At First Base, the front office let their best OPS+ hitter, the health question-mark Russell Branyan, go and, given the market and their budget (left over after so much allocated to Cliff Lee, as mentioned in Part II), plugged in reasonably-priced glove man Casey Kotchman, whose 2009 line looked like this:

      1b  Casey  Kotchman*             26 .282 .354 .409 .764  103

The most optimistically you can look at this switch is:

  • He's only 26, so he might have some improvement potential.
  • He's a left-handed hitter who has a swing that can pull the ball, and the only affordance the Mariners' stadium provides is for left-handed flyball hitters who pull the ball.
  • He's a big defensive upgrade (at a position that doesn't have a strong individual defense contribution but does contribute to team defense since it interacts with roughly 10 chances a game)

I think the Ms focused on the last bullet, considered the first two and crossed their fingers. Of the four usual primary offense contributing positions (DH, 1B, LF and RF), they knew they had a likely offensive downgrade at 1B they hoped would be cushioned by better defense.

But Kotchman would not under any circumstances, be a batter other teams would fear or even think extensively about (in his best offensive production season, he was intentionally walked once ...and that was to set up the double-play, not to get to a weaker hitter behind him).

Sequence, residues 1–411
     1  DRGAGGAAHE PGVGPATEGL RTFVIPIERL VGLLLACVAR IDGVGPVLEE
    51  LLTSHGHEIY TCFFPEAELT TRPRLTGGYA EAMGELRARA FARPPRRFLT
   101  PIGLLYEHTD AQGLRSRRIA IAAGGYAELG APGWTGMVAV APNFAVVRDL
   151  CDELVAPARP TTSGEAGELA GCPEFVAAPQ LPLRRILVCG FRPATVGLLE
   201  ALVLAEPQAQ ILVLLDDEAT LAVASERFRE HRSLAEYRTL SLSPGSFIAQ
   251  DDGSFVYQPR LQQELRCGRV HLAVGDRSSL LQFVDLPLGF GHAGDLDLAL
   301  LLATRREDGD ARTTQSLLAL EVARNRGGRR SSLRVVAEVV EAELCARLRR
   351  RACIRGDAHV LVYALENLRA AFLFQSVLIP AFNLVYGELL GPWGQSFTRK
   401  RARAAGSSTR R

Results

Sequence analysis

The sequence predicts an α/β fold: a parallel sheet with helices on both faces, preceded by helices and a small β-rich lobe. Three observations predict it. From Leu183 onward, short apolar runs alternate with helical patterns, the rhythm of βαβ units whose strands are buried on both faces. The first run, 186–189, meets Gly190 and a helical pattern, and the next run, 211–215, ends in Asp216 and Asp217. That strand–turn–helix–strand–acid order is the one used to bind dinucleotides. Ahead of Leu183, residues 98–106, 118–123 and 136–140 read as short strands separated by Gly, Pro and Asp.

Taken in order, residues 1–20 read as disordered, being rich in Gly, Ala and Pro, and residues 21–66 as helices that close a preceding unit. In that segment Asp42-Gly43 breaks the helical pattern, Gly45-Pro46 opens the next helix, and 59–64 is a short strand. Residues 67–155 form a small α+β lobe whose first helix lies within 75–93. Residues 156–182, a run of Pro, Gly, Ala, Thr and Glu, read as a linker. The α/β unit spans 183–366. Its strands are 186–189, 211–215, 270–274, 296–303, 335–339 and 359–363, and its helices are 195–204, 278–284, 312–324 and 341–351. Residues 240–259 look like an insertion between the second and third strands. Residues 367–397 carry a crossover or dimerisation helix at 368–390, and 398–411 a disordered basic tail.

Essentially, without a breakout season, Kotchman was not going to provide an offensive upgrade at first base.

At Third Base, the Mariners had another switch, allowing a player they thought should be a legitimate #5 or even optimistically a #4 batter, but who hadn't performed up to those offensive expectations, to move on. But Adrian Beltre was one of the keys to their great team defense...while Third Base is not the most critical positions defensively, he was arguable the best or second-best in the league at the position. So this change could imperil the experiment if they didn't pay attention to defense. They felt they could not replace Beltre with a lumbering, concrete-handed slugger and they felt there was no-one promising in the Ms spotty minor leagues to take a chance on. They signed Chone Figgins, a lead-off hitter of some quality and who, at Age 31 in 2009, was indicating some "old guy skills" acquisition; not power, but taking walks (101 for the season compared to the 69/season he'd averaged previously as a starter), which had gotten Figgins' on-base average close to .400, roughly 40 points better than his previous average as a starter. A second legitimate lead-off hitter, perhaps, but on a team that already had one.

On the side of caution, of the seven seasons Figgins had gotten 20 or more plate appearances in the Mariners' home field, he had only performed better than his seasonal numbers twice and over those seven years had produced about 21% less offense than he had in the rest of his games (pretty sharp decline). And while Beltre's homers happened at about one every 25 at-bats during the years he was a starter, Figgins was getting a homer about once every 122 at bats.

So while Figgins was not likely to erode Beltre's defensive contributions much if at all, he was unlikely to keep up in power, even the disappointing (to the Mariners) power numbers Beltre had put up.  Equation at this point: Kotchman (lower homer power) aligned with Figgins (lower homer power), and the magical Suzuki (one could hope equaling his prior power output).

If the next-to-last in the American League power numbers were going to be exceeded...or even equaled...it would require significant positive impact from Left Field and D.H.